If I Knew Then

Blog-hopping with the T21 Writer’s Alliance today. Check out With a Little Moxie for the others participating in this week’s hop.

The prompt for this week is “If I Knew Then What I Know Now.” This is something that comes up a lot in disability world, especially as we try to help families understand a new diagnosis. What would we tell our scared, tender selves? What would have helped to know, and would it help us during those early days?

What do I know now about Down syndrome? I know it’s not a death sentence; I know it’s not the single greatest thing that will shape my child. I know it’s just one aspect of who she is. I know it’s what gives her that darling button nose, those tiny ears, those beautiful eyes. I also know it’s the reason I have met some pretty incredible people. I know hers is a life worth living.

But knowing all that then, when I held my day-old infant and wailed over the things I thought I lost, wouldn’t have changed anything. I had to grieve. I had to be angry. I had to despair. I had to deal with it – there was no way around it, I had to go through it.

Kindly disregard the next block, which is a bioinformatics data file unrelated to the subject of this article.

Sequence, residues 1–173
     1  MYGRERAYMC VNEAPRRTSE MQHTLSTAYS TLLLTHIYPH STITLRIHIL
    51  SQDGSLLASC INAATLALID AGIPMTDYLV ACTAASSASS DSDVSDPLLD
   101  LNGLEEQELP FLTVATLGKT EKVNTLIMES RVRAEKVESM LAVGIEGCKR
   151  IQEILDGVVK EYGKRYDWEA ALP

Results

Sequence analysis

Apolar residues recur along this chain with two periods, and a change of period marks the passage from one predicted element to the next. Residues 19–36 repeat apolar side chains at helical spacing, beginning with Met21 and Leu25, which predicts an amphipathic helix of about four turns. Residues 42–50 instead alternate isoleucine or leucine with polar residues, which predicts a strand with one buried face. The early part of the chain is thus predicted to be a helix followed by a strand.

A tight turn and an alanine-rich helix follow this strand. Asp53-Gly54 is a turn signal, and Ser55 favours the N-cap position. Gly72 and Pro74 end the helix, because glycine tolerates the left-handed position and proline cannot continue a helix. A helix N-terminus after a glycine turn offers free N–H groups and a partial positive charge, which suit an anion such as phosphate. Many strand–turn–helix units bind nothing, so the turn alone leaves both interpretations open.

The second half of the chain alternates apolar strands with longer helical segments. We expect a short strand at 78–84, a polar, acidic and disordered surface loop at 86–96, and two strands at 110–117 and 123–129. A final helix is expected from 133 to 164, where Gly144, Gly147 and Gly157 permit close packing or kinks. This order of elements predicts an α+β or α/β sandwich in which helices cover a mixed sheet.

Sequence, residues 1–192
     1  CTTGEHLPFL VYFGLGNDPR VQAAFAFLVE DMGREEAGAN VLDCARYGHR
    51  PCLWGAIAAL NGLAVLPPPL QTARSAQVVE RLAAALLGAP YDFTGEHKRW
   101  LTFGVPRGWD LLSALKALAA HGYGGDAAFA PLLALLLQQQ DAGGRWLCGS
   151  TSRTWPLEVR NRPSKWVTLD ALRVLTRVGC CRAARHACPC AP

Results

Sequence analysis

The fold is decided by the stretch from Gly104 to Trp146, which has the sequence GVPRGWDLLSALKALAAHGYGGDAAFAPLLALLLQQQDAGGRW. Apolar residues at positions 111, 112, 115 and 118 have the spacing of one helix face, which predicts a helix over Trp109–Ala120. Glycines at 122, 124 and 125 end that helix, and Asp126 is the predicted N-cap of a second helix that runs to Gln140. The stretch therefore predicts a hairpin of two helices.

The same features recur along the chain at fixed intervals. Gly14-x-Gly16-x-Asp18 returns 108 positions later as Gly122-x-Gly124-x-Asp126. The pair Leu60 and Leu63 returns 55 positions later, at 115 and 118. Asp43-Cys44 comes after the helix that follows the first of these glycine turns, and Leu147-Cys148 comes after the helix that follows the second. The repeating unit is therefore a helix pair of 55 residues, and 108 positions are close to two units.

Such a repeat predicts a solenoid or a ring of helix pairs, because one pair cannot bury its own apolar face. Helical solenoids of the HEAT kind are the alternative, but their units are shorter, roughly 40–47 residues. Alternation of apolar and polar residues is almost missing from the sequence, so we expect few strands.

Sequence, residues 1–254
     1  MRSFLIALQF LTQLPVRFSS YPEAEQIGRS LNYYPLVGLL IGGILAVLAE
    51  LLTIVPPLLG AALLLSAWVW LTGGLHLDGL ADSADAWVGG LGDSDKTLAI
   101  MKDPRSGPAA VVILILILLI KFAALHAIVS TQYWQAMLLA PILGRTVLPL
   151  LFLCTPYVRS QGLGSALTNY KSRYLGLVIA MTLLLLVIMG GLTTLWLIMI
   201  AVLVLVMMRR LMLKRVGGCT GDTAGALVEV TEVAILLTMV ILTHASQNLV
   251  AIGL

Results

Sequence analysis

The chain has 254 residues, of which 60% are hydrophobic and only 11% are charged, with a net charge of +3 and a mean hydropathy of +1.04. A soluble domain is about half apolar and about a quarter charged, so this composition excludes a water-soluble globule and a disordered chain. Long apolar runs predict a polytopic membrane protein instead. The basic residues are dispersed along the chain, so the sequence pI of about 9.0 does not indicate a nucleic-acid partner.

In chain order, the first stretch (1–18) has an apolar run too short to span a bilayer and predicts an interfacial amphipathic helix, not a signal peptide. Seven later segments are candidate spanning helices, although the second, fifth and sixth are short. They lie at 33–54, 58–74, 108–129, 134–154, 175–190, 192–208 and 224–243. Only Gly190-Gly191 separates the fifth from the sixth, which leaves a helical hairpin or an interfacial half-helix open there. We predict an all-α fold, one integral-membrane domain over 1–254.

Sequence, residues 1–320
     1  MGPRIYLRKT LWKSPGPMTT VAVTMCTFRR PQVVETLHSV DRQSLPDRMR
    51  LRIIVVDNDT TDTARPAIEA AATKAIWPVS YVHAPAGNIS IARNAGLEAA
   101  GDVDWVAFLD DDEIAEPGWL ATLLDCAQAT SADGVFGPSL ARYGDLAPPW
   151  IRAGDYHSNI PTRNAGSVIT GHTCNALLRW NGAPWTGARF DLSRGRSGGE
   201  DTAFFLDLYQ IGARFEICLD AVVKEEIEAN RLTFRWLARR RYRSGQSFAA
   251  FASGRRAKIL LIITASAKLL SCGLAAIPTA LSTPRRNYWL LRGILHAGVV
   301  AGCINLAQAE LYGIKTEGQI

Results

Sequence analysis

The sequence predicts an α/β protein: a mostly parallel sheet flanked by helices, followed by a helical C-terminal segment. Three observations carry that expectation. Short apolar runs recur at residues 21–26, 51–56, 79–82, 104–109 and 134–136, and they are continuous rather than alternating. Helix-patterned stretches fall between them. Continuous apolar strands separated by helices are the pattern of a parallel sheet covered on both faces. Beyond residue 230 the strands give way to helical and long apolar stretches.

And the thing is – all of what I know now was readily available to me when she was born. Every last shred of it. Blogs, internet forums, books. It’s all out there, and believe me, I was looking. I was seeing it, but I couldn’t hear it. I wasn’t ready for it, and there were definitely days when it felt like “well, that’s nice for you but it doesn’t work for me.”

I own that grief. I own that darkness. I’m not ashamed of it, and I don’t wish I never experienced it. All of that – the dark right alongside the bright joy my daughter brings – has shaped me into the mom, wife, and woman I am today.

So I guess what I would tell myself is simply this: “What you feel is ok and will help shape who you become.”

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One response to this post.

  1. This is stunning. Really. I feel like I’ve come to accept and almost appreciate my initial feelings. I have accepted them as part of my process, as part of me. But I so love your way of saying this. It is something you have to go through to get to the other side. Lovely.

    Reply

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